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The Bald Hills 2015 Single Vineyard Pinot Noir won the Best Pinot Noir, Best Red Table Wine, and Best Wine of Competition trophies in the 2018 Sydney International Wine Competition.
The same wine won gold medals in the Decanter World Wine Awards, the New World Wine Awards and the Air New Zealand Wine Awards last year.
Bald Hills vineyard viticulturist Gary Crabbe said the 2014, 2015 and 2016 wines had also won trophies and gold medals.
''To have so many accolades was pretty impressive,'' he said.
Originally established by Blair and Estelle Hunt, the Cornish Point Road vineyard was sold to a Japanese family in 2015.
''The foundation of what they [the Hunts] did is the key to the winning success. They really loved the place.''
He said the new owner, Yokohama businessman Isao Mita, was introduced to New Zealand wines by the Kiwi crew members who worked for him on his yacht.
''They would bring great wines on board and he got a taste for it and so he bought Bald Hills in 2015.
Mr Crabbe started working for Mr Mita in 2015 to manage the 8.5ha (7.5ha effective) vineyard and Peter Bartle, of Cromwell, has made its wine since 2011.
''My brief was to make the best wine possible,'' Mr Crabbe said.
Bald Hills produces about 200 cases of riesling, 400 cases of pinot gris and about 2000 of pinot noir a year.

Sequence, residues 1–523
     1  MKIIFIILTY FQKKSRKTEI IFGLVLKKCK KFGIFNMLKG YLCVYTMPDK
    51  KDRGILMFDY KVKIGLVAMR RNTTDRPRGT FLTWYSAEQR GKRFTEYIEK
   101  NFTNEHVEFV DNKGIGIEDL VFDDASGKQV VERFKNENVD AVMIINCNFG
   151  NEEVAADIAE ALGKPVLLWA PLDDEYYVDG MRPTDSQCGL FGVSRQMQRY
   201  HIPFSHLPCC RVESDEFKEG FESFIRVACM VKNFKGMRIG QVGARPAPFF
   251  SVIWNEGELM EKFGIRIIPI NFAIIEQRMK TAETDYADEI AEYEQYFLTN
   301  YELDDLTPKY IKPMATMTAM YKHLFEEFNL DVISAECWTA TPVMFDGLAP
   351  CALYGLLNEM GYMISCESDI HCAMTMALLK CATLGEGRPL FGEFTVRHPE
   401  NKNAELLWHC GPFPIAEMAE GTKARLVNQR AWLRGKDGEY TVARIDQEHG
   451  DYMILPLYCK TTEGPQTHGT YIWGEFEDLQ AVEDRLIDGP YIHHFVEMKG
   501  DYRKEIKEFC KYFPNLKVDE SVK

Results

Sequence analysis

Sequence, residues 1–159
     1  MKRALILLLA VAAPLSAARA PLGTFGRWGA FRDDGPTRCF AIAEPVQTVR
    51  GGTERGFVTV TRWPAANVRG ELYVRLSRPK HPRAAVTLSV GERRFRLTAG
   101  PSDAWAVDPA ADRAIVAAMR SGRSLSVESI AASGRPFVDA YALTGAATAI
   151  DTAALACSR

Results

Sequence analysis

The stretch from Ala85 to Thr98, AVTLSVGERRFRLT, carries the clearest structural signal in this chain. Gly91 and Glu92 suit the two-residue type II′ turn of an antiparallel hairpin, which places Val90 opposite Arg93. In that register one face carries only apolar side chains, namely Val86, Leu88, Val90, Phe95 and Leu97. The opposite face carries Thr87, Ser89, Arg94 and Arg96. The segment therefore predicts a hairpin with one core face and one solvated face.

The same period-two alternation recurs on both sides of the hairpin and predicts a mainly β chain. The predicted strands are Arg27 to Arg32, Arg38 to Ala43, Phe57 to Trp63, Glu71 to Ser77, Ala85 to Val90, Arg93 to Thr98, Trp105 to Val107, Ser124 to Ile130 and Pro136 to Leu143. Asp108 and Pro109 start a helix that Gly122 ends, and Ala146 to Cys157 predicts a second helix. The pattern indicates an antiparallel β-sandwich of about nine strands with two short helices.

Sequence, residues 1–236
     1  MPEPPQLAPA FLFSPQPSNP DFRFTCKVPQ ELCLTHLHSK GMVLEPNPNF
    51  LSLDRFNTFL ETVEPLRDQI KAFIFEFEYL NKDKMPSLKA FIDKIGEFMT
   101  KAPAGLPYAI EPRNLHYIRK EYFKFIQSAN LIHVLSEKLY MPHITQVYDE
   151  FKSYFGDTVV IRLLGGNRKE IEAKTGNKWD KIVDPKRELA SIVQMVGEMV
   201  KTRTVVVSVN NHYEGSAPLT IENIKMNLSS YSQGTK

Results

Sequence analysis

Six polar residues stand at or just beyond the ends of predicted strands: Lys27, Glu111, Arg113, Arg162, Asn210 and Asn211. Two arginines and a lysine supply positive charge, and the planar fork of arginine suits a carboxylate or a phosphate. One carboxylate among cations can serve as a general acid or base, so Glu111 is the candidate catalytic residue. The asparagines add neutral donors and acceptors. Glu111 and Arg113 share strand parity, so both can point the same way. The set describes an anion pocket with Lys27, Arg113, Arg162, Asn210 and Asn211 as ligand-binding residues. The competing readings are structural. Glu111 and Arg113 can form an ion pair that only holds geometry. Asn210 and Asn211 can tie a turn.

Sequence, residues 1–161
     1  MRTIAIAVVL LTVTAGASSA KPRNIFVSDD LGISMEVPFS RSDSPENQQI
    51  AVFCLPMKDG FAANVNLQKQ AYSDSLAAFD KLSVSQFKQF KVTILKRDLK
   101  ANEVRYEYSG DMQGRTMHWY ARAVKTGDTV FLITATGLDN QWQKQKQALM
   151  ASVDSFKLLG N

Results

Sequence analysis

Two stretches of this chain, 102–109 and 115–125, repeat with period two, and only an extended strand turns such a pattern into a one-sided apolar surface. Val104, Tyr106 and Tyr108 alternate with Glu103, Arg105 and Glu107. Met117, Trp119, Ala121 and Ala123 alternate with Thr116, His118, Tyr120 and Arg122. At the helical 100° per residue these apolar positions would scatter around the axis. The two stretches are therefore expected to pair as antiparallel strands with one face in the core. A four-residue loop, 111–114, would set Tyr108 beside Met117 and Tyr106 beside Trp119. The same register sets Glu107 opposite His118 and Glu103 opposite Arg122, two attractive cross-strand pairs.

The vineyard is two years into a four-year organic conversion, and Mr Crabbe said this year's growing season to date had been ''the most outstanding, bizarre season''.
''It has been quite an extreme season and the question is how it will impact the wines.''
He was referring to the higher temperatures, which made an early harvest look likely.
''We had a good winter run, and the harvest could be three weeks ahead [of the norm].
''That is unheard of.
''I see this season as a glimpse of 25 to 30 years into the future of what it is going to be, with an additional two-degree average temperature.
He said Bald Hills' site - the soil, climate and dryness - had an ''inexplicable X factor'', which it brought to the wine.
''When vines have to struggle and fight during the dry, it brings a different element of depth, intensity and power to the wine.''
-By Yvonne O'Hara